The referendum of 5th July will stay in history as a unique moment when a small European nation rose up against debt-bondage.
Like all struggles for democratic rights, so too this historic rejection of the Eurogroup’s 25th June ultimatum comes with a large price tag attached. It is, therefore, essential that the great capital bestowed upon our government by the splendid NO vote be invested immediately into a YES to a proper resolution – to an agreement that involves debt restructuring, less austerity, redistribution in favour of the needy, and real reforms.
Soon after the announcement of the referendum results, I was made aware of a certain preference by some Eurogroup participants, and assorted ‘partners’, for my… ‘absence’ from its meetings; an idea that the Prime Minister judged to be potentially helpful to him in reaching an agreement. For this reason I am leaving the Ministry of Finance today.
I consider it my duty to help Alexis Tsipras exploit, as he sees fit, the capital that the Greek people granted us through yesterday’s referendum.
And I shall wear the creditors’ loathing with pride.
We of the Left know how to act collectively with no care for the privileges of office. I shall support fully Prime Minister Tsipras, the new Minister of Finance, and our government.
The superhuman effort to honour the brave people of Greece, and the famous OXI (NO) that they granted to democrats the world over, is just beginning.
Our NO is a majestic, big YES to a democratic, rational Europe!
On the 25th of January, dignity was restored to the people of Greece.
In the five months that intervened since then, we became the first government that dared raise its voice, speaking on behalf of the people, saying NO to the damaging irrationality of our extend-and-pretend ‘Bailout Program’.
- spread the word that the Greek ‘bailouts’ were exercises whose purpose was intentionally to transfer private losses onto the shoulders of the weakest Greeks, before being transferred to other European taxpayers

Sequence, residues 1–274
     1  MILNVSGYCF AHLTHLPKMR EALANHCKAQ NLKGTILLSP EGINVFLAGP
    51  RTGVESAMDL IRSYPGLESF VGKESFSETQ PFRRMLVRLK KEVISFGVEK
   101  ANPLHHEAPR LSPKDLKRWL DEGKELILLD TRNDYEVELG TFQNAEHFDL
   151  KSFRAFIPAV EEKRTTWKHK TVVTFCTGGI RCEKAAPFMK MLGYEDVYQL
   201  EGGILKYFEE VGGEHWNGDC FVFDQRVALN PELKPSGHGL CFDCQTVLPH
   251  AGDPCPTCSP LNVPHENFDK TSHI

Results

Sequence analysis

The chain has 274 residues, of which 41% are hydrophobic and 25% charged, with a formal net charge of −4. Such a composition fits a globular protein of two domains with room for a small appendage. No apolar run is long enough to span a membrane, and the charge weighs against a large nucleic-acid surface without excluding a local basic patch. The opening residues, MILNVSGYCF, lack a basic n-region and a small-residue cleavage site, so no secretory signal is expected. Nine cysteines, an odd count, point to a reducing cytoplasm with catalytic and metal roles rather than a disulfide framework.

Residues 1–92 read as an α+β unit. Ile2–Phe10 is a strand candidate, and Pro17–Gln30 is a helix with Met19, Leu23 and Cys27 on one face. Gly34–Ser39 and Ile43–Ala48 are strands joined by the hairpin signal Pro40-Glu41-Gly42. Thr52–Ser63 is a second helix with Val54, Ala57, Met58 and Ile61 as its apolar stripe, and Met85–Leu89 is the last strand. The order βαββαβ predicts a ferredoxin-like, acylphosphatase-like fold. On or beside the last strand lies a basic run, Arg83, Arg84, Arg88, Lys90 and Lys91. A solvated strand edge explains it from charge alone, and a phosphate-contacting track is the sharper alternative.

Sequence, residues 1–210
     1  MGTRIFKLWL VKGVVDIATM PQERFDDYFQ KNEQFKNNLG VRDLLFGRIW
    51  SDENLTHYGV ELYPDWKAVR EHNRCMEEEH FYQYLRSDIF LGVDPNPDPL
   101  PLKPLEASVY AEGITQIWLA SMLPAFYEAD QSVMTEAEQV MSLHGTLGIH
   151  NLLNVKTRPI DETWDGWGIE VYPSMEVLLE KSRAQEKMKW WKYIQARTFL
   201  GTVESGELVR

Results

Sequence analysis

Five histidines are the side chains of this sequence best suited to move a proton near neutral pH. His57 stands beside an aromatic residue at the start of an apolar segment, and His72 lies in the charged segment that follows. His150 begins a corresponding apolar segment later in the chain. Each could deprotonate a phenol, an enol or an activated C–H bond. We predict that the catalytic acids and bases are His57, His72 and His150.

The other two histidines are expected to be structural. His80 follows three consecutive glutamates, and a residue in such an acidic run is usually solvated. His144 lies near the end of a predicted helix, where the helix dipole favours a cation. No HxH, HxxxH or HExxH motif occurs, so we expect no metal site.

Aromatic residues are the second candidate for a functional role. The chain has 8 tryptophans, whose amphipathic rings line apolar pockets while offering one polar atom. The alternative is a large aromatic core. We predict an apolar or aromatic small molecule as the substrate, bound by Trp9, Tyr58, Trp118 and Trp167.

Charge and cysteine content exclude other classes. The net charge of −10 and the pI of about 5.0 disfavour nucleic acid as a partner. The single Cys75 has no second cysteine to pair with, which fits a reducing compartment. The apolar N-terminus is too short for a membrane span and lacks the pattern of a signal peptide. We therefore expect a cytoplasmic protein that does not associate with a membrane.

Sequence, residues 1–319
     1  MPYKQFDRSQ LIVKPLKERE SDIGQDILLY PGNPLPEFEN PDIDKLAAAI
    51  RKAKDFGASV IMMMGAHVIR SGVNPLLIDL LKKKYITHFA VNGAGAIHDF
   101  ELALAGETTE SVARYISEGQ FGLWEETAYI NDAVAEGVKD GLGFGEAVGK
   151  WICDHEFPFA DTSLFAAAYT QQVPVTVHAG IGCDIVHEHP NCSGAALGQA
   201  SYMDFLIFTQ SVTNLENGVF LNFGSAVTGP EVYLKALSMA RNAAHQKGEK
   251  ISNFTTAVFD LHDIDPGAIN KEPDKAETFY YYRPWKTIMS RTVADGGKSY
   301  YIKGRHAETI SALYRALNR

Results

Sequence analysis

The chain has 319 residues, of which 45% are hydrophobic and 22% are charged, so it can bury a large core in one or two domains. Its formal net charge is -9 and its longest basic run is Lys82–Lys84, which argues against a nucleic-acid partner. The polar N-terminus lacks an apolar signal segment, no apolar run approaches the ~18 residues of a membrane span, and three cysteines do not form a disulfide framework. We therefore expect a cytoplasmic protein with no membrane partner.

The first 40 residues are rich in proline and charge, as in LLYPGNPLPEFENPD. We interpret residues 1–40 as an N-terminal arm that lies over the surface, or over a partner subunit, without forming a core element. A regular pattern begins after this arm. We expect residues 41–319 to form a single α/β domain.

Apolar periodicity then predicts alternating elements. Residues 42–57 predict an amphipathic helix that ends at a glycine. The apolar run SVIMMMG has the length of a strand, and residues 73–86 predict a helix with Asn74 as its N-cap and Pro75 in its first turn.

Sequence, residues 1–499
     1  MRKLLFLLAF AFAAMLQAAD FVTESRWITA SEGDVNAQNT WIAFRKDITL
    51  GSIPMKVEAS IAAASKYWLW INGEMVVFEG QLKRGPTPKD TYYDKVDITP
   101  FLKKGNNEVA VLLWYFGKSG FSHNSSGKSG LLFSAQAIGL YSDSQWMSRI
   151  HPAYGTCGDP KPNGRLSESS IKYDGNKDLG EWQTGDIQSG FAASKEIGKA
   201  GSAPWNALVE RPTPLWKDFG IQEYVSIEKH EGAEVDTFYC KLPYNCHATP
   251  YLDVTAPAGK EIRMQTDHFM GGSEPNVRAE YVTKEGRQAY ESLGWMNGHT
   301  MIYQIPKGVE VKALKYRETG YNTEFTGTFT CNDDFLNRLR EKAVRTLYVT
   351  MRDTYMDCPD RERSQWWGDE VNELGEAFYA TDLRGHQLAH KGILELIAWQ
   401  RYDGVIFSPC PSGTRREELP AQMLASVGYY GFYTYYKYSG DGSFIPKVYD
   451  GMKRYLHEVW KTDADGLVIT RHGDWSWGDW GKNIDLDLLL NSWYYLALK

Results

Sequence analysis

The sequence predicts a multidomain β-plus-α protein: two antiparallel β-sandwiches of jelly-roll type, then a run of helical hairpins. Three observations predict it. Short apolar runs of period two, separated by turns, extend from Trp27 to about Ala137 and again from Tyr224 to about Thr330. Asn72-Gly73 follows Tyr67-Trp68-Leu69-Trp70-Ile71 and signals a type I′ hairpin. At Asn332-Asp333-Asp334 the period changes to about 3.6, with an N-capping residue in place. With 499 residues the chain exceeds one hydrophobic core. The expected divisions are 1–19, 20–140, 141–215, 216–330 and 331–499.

- articulated, for the first time in the Eurogroup, an economic argument to which there was no credible response
- put forward moderate, technically feasible proposals that would remove the need for further ‘bailouts’
- confined the troika to its Brussels’ lair
- internationalised Greece’s humanitarian crisis and its roots in intentionally recessionary policies
- spread hope beyond Greece’s borders that democracy can breathe within a monetary union hitherto dominated by fear.
Ending interminable, self-defeating, austerity and restructuring Greece’s public debt were our two targets. But these two were also our creditors’ targets. From the moment our election seemed likely, last December, the powers-that-be started a bank run and planned, eventually, to shut Greece’s banks down. Their purpose?
- To humiliate our government by forcing us to succumb to stringent austerity, and
- To drag us into an agreement that offers no firm commitment to a sensible, well-defined debt restructure.
The ultimatum of 25th June was the means by which these aims would be achieved. The people of Greece today returned this ultimatum to its senders; despite the fear mongering that the domestic oligarchic media transmitted night and day into their homes.
Today’s referendum delivered a resounding call for a mutually beneficial agreement between Greece and our European partners. We shall respond to the Greek voters’ call with a positive approach to:
- The IMF, which only recently released a helpful report confirming that Greek public debt was unsustainable
- The ECB, the Governing Council of which, over the past week, refused to countenance some of the more aggressive voices within
- The European Commission, whose leadership kept throwing bridges over the chasm separating Greece from some of our partners.
Our NO is a majestic, big YES to a democratic Europe.
It is a NO to the dystopic vision of a Eurozone that functions like an iron cage for its peoples.
It is a loud YES to the vision of a Eurozone offering the prospect of social justice with shared prosperity for all Europeans.
Yanis Varoufakis is a Greek-Australian economist. He is the former finance minister of Greece as of July 6, 2015, after the NO Vote in the Greferendum won by a landslide, July 5. Follow him on Twitter: @yanisvaroufakis.